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Why We’re Excited to Work with Messium

We recently invested in Messium, a company that uses innovative technology to address a major challenge in agriculture: inefficient fertiliser application.

Why do we love it?

Messium immediately struck SuperSeed’s investment team as an exciting opportunity. George Marangos-Gilks (CEO and co-founder) and Vishal Soomaney Vijaykumar (CTO and co-founder) presented a compelling case with an urgent ‘Why Now?’, and SuperSeed quickly bought into their vision of a world where fertiliser is applied in “Goldilocks proportions”.

At SuperSeed we love bets where an incredibly niche solution solves an incredibly large problem (spoiler alert: more on that next month). Messium’s initial product uses hyperspectral satellite imagery and machine learning algorithms to optimise the application of fertiliser to wheat plants. It’s an elegant, clear value proposition that addresses farmers’ critical need to reduce their cost base, wherever possible (and, in some cases, increase and improve yield). The subsequent product releases remain Top Secret, but v1.0 addresses the world’s 522m hectares of wheat, maize, and rice.

We also love brilliant founding teams. George and Vishal both have impressive, relevant backgrounds. George, while studying at Cambridge, founded The Tab, before later founding another business, Magic Carpet AI, which he then sold to In both of these businesses, George was the founding CEO, and led them from foundation to exit.
Vishal, after a series of senior roles in machine learning development and backend engineering, co-founded a multiple-award-winning business leveraging satellite imagery to detect susceptibilities in forests to the outbreak of fires. One of the awards it won was the UN and ESA World Challenge in 2018, which means Vishal is both a satellite geek par excellence and extremely well-connected in the space industry.

George, CEO (left), and Vishal, CTO (right)

SuperSeed’s primary investment focus is on businesses driving resource efficiency. Few resources are in such an important finite supply as food. Messium’s innovation is a perfect example of AI and disruptive next-generation technologies having an immediate, detectable impact on the Real Economy and the real world. SuperSeed led the £1.4m Pre-Seed investment round in January 2024.

For those who are interested…

The Micro

Farmers face shrinking margins due to rising costs and falling crop prices. Over- and under-fertilisation are significant and costly issues affecting all farmers. The nitrogen fertiliser spend on the average high-grade, milling wheat farm accounts for 35% of the total cost base, and of this, up to 60% is wasted. There’s a slightly American feel to the notion that more fertiliser = more crop. In fact, in the context of applying fertiliser, greed is not good: around 65% of all fertiliser applied globally is excess, which runs off into rivers and surrounding environments, polluting them.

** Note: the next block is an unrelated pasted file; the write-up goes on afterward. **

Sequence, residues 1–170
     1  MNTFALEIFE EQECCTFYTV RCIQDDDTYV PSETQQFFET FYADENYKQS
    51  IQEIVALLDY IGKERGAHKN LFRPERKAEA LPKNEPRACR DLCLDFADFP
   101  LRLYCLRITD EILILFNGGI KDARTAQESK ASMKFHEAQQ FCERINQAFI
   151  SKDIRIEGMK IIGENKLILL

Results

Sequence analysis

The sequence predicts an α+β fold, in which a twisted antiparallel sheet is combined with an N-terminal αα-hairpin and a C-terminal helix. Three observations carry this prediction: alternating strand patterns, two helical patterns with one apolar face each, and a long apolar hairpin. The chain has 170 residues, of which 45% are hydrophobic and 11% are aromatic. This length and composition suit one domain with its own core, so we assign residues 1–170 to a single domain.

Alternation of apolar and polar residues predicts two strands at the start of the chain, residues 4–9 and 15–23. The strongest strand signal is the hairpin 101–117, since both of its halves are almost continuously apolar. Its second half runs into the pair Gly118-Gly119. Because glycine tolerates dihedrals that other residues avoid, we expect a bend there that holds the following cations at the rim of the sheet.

The caveat, admittedly, is that on lower-grade wheat farms, where the product usually ends up in animal feed, the margins are even slimmer. Here, the perennial issue is under-fertilisation, to the tune of an average opportunity cost of $13k per annum.

It’s a really tough business. Your operating profit margin is razor-thin, and there is very little you can do to improve it. The general approach to farming is to try to improve yield, both in quality and quantity. But as we know, if revenue goes up by £1, profit does not go up by £1. If, however, we reduce costs by £1, that goes straight to the bottom line. 

The Macro

Taking a quick glance at the UK, there is a huge opportunity in front of Messium. Owing to the degradation of our soil, we have become quite heavily reliant on fertiliser to produce the volume and quality of crops that we need. The UK also produces ~40% of its domestic fertiliser requirement in a good year, and since the closure of the largest manufacturing site in 2023, more than ever, farmers are relying on (expensive) imported product, further squeezing their already-tight margins. Messium can help farmers use only the fertiliser that they need.

More macro, even, than the British Isles: according to the UN, globally, we need 60% more food by 2050. To feed a population of 9.7 billion people, there are only so many vectors available to change. We need more farms, less waste in supply chains and at home, or more efficient farming.

We could continue our unrelenting mission to create more arable land. But it is time- and resource-intensive (ignoring the more pressing matters of the destruction of biodiversity, the contribution to climate change, the displacement of local communities, and — the Fourth Horseman of the Agricultural Apocalypse — the degradation of the fertility and productivity of the soil). OK, so “just add farms” might not wash. 

There are some obvious opportunities for improvement in consumer behaviour and supply chains, given that 1/3 of all food produced globally is lost or wasted. Primarily, this occurs because of bad infrastructure and storage, and absent-minded consumerism. The former is unlikely to change, because it’s really expensive to change. On the latter, it is anyone’s guess…

So, the best option is to do more with the same (or less). Every farmer lives in constant vigilance of resource efficiency. More food production from the same total arable land plot means we must be much more efficient at farming. The accurate application of fertiliser is as urgent as it is important.

Roll on Messium, to clean up the mess.


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